Your Position as a Consumer – Is H&M Fast Fashion?

Ultimately, you can’t buy sustainability. The most sustainable choice is to use what you already have. A new purchase always presupposes that water and other resources have been used – not to mention the working conditions under which people in third-world countries – including children – had to work for the garment.

We as consumers should always make the best possible choice when it comes to our purchasing decisions. After all, through our demand, we contribute to where we are headed socially and which companies will still be around 10 years from now.

I like to compare a purchase to buying a share of that company – by buying from the brand, we are ensuring its survival and helping it to continue to grow. So the question we should always ask ourselves: Do I really want these companies to last, or would I rather put my money into new, innovative implementations that offer me, for example, more sustainable manufacturing for the same money?

BUT: The companies are the ones that ultimately have to stop greenwashing and actually put in the work and money to bring about change. And that’s often the point: most companies aren’t willing to put that money where their mouth is and invest it in more sustainable production and working conditions because it doesn’t promise them a direct increase in sales and, on the contrary, is more likely to cut into their profit margins.

What Can/Should We Do?

The best thing we can do as consumers is to use what we already have and shop with intention, not buying in excess.

And when we do want to part with something, we should make sure we don’t just throw it all away to be recycled. Most donated clothing ends up in landfills in third-world countries because we don’t have the capacity here to dispose of it.

So it would be best if you could resell the garment.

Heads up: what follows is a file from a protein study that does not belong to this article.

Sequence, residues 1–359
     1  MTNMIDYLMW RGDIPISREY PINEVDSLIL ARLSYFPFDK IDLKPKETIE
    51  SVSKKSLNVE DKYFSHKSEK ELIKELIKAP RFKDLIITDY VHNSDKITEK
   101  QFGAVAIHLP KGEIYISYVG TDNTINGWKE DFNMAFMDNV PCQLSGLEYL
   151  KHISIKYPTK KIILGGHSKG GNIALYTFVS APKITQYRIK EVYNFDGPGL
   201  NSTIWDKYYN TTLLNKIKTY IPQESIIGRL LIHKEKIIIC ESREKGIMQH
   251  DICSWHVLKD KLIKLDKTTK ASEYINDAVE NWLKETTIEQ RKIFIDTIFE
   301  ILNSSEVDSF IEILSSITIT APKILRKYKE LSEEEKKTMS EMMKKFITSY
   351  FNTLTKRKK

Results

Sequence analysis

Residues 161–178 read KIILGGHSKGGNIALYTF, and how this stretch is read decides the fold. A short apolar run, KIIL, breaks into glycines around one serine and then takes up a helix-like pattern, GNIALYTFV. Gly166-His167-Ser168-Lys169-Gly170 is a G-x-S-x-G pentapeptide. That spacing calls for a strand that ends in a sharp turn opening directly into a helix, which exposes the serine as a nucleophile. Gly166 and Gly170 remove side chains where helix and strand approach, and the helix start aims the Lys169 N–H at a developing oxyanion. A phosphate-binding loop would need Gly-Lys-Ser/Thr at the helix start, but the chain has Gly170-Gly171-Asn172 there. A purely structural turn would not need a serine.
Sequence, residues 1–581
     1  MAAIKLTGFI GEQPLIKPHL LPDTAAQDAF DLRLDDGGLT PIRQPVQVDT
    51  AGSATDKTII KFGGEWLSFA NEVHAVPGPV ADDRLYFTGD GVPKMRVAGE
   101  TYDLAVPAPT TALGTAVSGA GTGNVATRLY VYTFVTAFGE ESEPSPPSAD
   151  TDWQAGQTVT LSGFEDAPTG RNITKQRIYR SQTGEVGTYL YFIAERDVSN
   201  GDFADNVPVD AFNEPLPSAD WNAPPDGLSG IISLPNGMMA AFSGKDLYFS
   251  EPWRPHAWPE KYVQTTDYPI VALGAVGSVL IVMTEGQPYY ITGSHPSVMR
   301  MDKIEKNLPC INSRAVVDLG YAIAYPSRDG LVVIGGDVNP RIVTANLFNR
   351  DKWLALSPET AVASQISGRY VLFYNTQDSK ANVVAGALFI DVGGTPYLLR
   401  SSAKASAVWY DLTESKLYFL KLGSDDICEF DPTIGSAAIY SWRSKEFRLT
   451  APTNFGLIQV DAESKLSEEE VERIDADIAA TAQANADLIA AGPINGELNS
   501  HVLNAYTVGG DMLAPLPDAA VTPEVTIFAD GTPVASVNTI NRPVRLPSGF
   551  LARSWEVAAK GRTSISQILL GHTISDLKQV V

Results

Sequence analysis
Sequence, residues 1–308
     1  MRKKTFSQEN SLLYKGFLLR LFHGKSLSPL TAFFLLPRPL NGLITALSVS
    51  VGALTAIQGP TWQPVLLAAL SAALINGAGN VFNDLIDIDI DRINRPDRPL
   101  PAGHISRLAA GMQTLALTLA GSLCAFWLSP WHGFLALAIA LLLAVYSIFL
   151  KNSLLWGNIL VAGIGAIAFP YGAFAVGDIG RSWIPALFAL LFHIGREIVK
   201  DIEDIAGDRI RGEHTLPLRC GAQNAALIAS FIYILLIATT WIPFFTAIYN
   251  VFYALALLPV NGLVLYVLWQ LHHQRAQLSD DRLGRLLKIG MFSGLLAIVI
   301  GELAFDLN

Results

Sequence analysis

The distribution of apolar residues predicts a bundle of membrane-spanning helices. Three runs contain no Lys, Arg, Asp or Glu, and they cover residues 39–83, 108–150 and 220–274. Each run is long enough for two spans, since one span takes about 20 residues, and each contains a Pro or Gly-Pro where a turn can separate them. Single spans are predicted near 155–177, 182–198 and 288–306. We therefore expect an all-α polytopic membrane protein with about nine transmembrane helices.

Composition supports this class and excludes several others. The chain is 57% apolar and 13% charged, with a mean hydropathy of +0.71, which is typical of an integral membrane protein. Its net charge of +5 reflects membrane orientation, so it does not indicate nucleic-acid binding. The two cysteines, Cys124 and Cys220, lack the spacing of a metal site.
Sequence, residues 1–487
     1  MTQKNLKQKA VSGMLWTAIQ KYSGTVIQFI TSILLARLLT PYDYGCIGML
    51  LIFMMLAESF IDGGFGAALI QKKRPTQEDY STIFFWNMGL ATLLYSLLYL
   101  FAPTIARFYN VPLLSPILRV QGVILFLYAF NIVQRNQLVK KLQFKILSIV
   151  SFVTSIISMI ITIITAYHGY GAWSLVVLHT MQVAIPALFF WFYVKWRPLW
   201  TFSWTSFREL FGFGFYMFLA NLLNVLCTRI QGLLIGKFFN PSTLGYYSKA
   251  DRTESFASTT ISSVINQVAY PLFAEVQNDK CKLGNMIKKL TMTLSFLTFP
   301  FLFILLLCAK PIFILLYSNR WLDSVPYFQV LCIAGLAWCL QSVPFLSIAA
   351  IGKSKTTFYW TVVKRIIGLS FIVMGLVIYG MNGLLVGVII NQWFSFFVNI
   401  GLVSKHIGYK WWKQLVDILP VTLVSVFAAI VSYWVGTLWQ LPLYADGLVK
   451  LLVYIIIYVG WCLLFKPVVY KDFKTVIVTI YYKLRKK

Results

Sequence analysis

At the end of the day, we consumers can do a lot, but the companies and the systems really need to do something.

Is H&M a Luxury Brand?

With their “premium selection”* collection and higher-quality textiles, H&M has evolved into a type of daily high-quality brand in recent years.

Overall, however, there is no definitive answer to this, as luxury brands can be defined in different ways. In general, a luxury brand is one that offers high-quality products and commands a high price.

Birkenstock, for example, is often considered a luxury brand because its products are made from high-quality materials and construction techniques. In addition, the company’s shoes and sandals are known for their unique style and comfort, which means that they often have a higher price than other brands.

So, in the case of the premium selection collection of H&M, on the one hand, you can already talk about a luxury brand, as they sometimes use eco-friendly materials and charge a high price.

However, we know too little about the exact working conditions and its environmental footprint, so we have to assume that they don’t pay as much attention to this as one might expect from a sustainable luxury brand.

Does H&M Use Animal Products?

The brand continues to use wool, leather, exotic animal hair, and down certified by the Responsible Down Standard. However, no fur, angora, or exotic animal skins are used. Some animal products are traced back to the first stage of production.

Are H&M Clothes Made in China & Where are The Clothes Made?

Yes, H&M has production mainly in China, Bangladesh, and India and has no factories of its own.

The pieces are manufactured by 850 independent suppliers.

10 Affordable & Non-Fast Fashion Brands You Must Know

  1. Organic Basics
  2. Tentree

  3. Toad&Co

  4. Outerknown

  5. Boody

  6. Reformation*

  7. People Tree

  8. Everlane

  9. Thought

  10. Amour Vert


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*Disclosure about the article “Is H&M Fast Fashion”: We only recommend products we would use ourselves and all opinions expressed here are our own. This post may contain affiliate links that we may earn a small commission at no additional cost to you.

Elisa
Elisa

Founder & CEO of Streetstylis